Just passing on the fruits of a recent conversation with a knowledgeable scientist whom I respect and trust - about a major piece of work he is doing.
There is a very interesting and plausible new perspective emerging (with evidence from multiple places, and nobody yet having combined it) that the genome may be regarded as having 'cognitive' properties, due to the systematic inter-communication of genes - and that this is consistent with the ability to direct genetic change (mutations and other changes) in an adaptive direction.
This would be a major revision to 'the central dogma' of molecular biology (that information only flows from nucleic acids to proteins), and the standard description of natural selection as being based upon undirected (so-called 'random') mutations - the new idea is that (presumably as a consequence of natural selection) the genome functions somewhat like a 'brain' that models the environment, and responds by changing itself in a directed (and 'purposive') fashion that would be expected to enhance reproductive success.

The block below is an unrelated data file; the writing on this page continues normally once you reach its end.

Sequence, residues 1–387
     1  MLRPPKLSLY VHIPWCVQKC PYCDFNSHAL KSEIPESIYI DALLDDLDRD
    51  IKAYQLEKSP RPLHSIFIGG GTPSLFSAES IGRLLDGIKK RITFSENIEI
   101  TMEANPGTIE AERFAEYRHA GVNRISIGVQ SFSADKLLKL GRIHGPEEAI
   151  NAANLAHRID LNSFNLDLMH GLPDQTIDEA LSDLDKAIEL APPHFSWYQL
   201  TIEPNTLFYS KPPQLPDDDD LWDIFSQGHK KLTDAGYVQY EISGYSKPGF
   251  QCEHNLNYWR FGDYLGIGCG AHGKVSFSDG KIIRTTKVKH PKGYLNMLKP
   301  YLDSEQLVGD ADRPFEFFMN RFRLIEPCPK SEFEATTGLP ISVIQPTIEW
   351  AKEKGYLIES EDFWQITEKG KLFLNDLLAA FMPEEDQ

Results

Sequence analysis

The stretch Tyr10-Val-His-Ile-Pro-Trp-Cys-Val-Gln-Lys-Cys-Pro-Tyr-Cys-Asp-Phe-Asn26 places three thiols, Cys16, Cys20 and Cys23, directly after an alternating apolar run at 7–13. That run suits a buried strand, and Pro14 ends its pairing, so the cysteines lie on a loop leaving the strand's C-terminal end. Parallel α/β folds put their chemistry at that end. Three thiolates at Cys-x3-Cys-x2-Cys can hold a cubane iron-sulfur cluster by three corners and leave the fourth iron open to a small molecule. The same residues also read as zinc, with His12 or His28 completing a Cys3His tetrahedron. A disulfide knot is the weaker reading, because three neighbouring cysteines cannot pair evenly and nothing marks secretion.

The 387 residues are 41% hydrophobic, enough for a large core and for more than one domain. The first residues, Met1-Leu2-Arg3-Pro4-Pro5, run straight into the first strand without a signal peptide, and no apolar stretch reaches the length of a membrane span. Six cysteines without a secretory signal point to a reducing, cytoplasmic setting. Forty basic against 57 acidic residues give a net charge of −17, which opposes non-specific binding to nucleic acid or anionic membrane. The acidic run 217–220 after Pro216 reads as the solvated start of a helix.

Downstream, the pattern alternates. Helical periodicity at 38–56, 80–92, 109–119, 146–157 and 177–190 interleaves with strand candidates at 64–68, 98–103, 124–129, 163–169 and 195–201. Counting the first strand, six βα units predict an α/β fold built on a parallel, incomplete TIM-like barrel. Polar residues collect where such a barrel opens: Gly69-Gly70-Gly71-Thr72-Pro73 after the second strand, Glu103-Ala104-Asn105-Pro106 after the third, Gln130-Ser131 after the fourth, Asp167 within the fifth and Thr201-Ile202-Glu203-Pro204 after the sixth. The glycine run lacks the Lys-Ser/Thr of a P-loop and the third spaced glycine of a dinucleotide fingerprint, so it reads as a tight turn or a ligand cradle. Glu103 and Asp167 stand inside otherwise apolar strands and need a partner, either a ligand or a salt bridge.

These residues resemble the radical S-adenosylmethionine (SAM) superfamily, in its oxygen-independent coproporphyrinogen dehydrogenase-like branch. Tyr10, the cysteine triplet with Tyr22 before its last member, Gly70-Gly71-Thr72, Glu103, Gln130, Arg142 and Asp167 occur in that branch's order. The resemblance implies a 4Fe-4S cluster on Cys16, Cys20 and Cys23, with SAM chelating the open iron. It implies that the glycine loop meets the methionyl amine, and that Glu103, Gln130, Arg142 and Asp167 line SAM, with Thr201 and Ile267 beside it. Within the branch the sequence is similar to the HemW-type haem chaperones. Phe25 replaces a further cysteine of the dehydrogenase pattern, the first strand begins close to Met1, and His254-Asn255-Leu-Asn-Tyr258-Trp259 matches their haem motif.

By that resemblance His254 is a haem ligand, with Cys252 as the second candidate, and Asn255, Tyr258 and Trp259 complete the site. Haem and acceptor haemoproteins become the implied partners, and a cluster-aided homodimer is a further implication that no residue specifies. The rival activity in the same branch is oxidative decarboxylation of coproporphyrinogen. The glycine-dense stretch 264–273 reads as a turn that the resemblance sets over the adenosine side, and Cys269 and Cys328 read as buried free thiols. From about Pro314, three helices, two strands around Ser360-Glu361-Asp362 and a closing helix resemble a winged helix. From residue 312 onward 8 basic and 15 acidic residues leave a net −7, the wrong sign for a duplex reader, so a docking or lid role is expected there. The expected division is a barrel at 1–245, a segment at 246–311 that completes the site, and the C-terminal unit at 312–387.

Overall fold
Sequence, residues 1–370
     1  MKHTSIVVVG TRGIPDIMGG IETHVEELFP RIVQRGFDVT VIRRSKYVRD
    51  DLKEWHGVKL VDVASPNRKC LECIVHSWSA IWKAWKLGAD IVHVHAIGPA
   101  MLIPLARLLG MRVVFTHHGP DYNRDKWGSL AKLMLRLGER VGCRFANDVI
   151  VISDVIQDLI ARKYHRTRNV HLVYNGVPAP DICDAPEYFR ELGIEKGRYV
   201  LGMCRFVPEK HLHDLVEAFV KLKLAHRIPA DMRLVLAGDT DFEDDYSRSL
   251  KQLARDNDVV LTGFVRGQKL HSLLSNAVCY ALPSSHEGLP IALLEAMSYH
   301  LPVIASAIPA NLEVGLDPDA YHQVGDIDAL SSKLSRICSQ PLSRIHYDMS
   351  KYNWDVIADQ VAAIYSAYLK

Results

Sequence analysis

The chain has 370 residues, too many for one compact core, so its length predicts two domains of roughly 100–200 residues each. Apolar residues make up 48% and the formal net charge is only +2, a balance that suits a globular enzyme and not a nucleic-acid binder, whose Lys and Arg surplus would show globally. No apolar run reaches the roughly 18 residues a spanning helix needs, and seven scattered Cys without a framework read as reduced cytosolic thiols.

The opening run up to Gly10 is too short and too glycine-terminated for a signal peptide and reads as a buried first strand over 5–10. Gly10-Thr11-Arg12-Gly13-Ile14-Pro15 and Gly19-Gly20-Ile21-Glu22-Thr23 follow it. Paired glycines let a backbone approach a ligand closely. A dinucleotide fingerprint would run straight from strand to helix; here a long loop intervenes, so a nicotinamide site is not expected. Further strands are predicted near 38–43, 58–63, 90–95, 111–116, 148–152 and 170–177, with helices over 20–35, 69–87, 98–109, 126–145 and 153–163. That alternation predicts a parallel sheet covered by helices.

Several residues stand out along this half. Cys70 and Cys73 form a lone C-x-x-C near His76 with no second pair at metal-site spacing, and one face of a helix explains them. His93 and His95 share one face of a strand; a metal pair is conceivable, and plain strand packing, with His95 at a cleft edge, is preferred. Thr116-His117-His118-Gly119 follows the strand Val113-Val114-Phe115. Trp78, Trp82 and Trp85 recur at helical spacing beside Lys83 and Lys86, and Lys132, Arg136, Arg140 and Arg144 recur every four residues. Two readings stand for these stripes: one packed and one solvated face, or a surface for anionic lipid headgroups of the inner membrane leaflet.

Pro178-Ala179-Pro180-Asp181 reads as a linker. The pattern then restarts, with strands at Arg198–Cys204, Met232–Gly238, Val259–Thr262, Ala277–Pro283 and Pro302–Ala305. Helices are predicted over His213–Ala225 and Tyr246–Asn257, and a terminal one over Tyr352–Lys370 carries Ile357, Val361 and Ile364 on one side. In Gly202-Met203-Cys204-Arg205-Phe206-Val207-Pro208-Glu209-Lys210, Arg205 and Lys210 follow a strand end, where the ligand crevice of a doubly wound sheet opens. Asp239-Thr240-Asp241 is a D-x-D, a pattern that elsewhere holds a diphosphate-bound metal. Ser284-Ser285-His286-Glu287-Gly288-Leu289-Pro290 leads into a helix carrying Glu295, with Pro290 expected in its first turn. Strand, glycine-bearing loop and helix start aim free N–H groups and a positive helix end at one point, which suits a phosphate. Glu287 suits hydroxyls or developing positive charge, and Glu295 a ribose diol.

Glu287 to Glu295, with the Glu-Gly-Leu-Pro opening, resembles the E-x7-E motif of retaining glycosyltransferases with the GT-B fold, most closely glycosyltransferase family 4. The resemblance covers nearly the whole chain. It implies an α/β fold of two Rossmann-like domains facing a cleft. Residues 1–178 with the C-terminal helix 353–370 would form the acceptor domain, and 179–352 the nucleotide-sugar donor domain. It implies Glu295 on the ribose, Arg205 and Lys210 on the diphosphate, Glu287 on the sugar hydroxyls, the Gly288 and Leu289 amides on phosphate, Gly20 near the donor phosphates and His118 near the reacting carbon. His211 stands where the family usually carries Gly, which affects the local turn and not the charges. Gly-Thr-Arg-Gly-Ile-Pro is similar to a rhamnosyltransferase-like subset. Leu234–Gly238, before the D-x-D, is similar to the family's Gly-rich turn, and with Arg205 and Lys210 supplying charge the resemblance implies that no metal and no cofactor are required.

This would mean that natural selection would not have to wait for undirected ('random') mutations to generate adaptive changes to the organism; but instead (or as well) the mutation process would itself be manipulated to make adaptive changes much more probable. The genome would itself be able to accelerate and direct evolutionary change.
Having heard the evidence, and knowing about systems theory as an explanatory model, I find this plausible as a possible biological mechanism. It may emerge as a better - more comprehensive - over-arching theory (paradigm) than the one we have now - or a significant supplement to it.
The question is - even if true - how important it is - and whether it has played a central role in evolution; or just applies to unusual and specific situations.